Like to read, don't like to play.

Discuss and discover all the great games of yesteryear!

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theMot
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Like to read, don't like to play.

Post by theMot » Sat Sep 13, 2008 7:02 pm

I find these days im more into reading and study old games rather than playing them. I'll go back to games i really enjoyed to play long ago and fiddle about with them for a few hours and have my trip down memory lane but i cant go out and buy an old classic i never played back in the day and sink 20 hours into it.

I still play games but these days it's on the 360, If something retro pops up on live arcade i'll download it and have a go but i cant go back to an old system and have it hold my attention after say playing Bioshock.

Anyone else like this? I ask because sometimes i get the feeling there's people out there that ONLY play old games, just wondering how you get by with just your C64 lol can you happily spend equal amounts of time on your SNES and PS3 for instance?
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rossi46
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Post by rossi46 » Sat Sep 13, 2008 7:45 pm

I knpw what you mean. I can't play my Megadrive to exhaustion like the old days. I keep switching games after a couple of minutes, but I play my Saturns like they're my current consoles. I can lose entire days to Sega Rally and Daytona. Got to shave another tenth off that lap time!
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Post by RetroKingSimon » Sat Sep 13, 2008 7:50 pm

I rarely play 'current' games, I'm almost always at least one generation behind. Aside from the DC and GameCube, all my consoles are between 8-bit and 32-bit. I play older games as much as I do more recent ones (and by more recent, I mean the DC, GC, etc), but I don't play games in general as much as I used to, I just don't have the time. There's so many great retro games I still haven't played yet, I'm in no hurry to get a 360 or PS3. I'm having a Master System-fest at the moment, and I'll probably get some more PC Engine games and play them to death after that.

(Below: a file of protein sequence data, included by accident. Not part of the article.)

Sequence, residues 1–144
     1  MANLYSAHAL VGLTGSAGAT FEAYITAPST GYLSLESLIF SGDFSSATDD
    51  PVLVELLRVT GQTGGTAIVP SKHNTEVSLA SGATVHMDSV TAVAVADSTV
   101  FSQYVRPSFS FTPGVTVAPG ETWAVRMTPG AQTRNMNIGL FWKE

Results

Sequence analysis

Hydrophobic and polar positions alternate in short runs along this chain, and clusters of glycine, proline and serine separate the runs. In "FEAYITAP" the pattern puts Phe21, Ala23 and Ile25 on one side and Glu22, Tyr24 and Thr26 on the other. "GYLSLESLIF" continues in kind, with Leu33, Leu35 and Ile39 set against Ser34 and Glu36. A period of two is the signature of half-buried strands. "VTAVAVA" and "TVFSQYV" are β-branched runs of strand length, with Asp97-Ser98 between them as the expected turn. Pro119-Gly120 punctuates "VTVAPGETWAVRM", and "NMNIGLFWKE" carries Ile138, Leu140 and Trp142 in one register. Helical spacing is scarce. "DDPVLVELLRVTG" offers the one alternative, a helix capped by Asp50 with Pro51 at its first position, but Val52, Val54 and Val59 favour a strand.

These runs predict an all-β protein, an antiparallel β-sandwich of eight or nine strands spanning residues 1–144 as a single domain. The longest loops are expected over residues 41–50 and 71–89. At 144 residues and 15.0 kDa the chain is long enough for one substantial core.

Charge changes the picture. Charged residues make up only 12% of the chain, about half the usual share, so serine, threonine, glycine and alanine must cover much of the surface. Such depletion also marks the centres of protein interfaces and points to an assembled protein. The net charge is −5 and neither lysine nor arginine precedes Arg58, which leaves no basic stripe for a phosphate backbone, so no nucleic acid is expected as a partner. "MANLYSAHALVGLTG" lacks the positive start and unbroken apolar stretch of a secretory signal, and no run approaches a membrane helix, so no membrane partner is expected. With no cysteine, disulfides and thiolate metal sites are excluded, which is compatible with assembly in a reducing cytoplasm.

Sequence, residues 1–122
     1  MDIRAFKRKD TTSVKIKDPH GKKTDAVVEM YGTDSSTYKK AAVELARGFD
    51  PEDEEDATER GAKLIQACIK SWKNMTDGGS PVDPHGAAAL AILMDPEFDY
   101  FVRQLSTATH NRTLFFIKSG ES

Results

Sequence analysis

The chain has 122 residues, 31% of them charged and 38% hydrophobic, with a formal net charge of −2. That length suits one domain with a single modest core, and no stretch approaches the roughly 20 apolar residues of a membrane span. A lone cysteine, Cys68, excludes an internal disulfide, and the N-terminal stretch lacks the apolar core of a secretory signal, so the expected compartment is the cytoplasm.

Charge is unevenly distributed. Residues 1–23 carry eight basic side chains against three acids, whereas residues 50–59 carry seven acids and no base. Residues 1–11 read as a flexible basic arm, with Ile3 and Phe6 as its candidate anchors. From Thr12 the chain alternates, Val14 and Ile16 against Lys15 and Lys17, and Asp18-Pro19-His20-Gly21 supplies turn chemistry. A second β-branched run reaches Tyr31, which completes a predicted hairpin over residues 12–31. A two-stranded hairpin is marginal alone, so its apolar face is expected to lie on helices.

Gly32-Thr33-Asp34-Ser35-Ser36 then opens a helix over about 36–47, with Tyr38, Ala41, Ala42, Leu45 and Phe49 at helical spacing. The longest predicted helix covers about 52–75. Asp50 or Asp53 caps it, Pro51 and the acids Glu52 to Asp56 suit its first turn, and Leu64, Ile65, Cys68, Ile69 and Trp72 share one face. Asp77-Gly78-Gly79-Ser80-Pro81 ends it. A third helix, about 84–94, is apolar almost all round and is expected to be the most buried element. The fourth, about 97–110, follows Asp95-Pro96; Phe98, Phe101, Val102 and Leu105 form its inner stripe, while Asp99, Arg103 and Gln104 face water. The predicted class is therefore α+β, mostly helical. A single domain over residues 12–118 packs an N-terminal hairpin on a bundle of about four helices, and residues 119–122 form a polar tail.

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Post by JetSetWilly » Sat Sep 13, 2008 10:09 pm

sam ehere too. the only game i spent time with was Rescue On Fractalus on the C64. others i just fire up for a few moments then change it.


damn you, Call Of Duty 4, with your online play and unlockables!


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Post by ToxieDogg » Sat Sep 13, 2008 11:39 pm

I play newer games a lot more than older ones these days but there are still times when I'll fire up an older game and it will unexpectedly grab my attention for hours on end, or at least until I finish it. Good gameplay never ages badly. :)
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Post by liveinabin » Sun Sep 14, 2008 3:03 am

I have to focus on the one system for a while. For instance, when I get the Saturn out, I can quite happily play those games for a couple of weeks, but I've got to leave the PS3 off (and vice versa). Guess I just have to adjust to the technological level of the time. Once I'm 'there', the gameplay is the only consideration.

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Post by flying_delorean81 » Sun Sep 14, 2008 3:59 am

I find it tricky to divide my time equally between old and new consoles. I rarely spend hours and hours on an older game unless it really is brilliant (eg Mario Kart on the SNES). Like others, I find a lot of the newer generation games have a lot longer lifespan due to the unlockable content and the way they are produced like movies, with involving storylines and inventive cinematography (or "gameatography"?).

Currently I'm getting into The Darkness on PS3, even the loading screens add to the story and character! I know I'll spend a lot longer playing this than I ever did Mortal Kombat...

But after a while of being immersed in a game with an involving story, I'll feel the need to pick up a SNES pad and beat up some foot clan on TMNT 4 or shoot some ducks on the NES!! :D
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Post by ShadowMan » Sun Sep 14, 2008 4:12 am

I still like spending loads of time on older games, but for most older games the only "goal" is to complete them as opposed to games today that also have achievements, unlockables and online play so naturally they don't tend to last as long. In a way I prefer it this way as it means it doesn't feel like the game drags on for to long (like GTA4 or Assassins Creed did near the end).
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Post by Antiriad2097 » Sun Sep 14, 2008 4:49 am

ShadowMan wrote:games today that also have achievements, unlockables and online play
Being a Wii gamer these things don't really affect me, so I'll play any game from any system for equal time ;)

I reckon I play Spectrum games for as long as I play any of my other systems, mostly because the emus are so portable and functional. MD & C64 are probably my oher main systems that sit alongside PS2 and PC.